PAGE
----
Cups of Clarity

“I write as a way to communicate with friends from all stages of my life and receive support from others.”

Those words appeared on my site three months ago, and I was reminded of why I wrote them again this week.

I needed a cup – or two – of clarity, and I received that from you all. Thank you, dear readers and friends.

In response to my post about what size implants I should get during the second phase of my reconstruction, several of you asked me the following:

How did I feel about my old breasts?

Did I think that they were too big?

Why did I wear minimizers?

Did I have back problems?

Those questions are seemingly simple, but none of them had crossed my mind before I received your comments and emails.

If I had to speculate as to why I didn’t consider them, I’d attribute it to the reality of life as a female post-breast cancer. Seeing my reflection with short hair and sparse eyelashes still makes me cringe on a good day and tear up on a bad day. The chemotherapy drugs and steroids continue to work their way out of my system so my weight isn’t something I can easily control and my immune system resembles a child’s.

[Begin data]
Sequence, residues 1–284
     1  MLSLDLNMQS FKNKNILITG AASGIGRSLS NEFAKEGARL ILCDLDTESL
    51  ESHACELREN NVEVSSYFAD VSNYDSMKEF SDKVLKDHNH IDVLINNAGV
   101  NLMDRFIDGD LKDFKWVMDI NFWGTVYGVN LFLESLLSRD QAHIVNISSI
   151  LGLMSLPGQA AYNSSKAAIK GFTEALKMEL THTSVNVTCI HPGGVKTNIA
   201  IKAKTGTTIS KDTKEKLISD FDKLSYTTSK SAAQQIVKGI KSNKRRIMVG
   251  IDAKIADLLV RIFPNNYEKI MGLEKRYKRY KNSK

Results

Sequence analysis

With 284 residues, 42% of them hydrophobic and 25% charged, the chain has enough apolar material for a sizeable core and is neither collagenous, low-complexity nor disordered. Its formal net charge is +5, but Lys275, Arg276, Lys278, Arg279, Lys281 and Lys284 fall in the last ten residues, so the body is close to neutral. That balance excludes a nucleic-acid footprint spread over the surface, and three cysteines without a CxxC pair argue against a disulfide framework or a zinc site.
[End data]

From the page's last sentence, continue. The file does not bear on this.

I feel so different about my appearance that I think I viewed selecting implants as a way to make myself feel even more different. Since I don’t smile back at my reflection, what does it matter if my breasts are smaller? Why shouldn’t I go into Victoria’s Secret for a bra like I did when I was in my early 20s? I’m not like the old me anymore so my boobs don’t need to be mine either, right?

Your questions made me think, though. I loved my old breasts. I didn’t think that they were too big; they were perfect! I wore minimizers in public since that looked best under clothes and conveyed a more professional image. I have a lot of neck and neurological issues, but I’ve never had back problems because of my chest size (knocking on wood).

I have the clarity I need for the next phase of reconstruction. I’ll talk with my internist and physical therapist this coming week about whether a certain size is preferred from their medical perspective. Assuming that there are no restrictions on that front, I’ll let the surgeon decide what looks best in the operating room. (She’s not ordering implants as large as I was before so I’ll be at least 50 CCs smaller.) I might not feel like myself now, but I don’t need to select implants to make myself feel even more different.

I’m at peace with that approach, and I thank you for your support and input. xoxo

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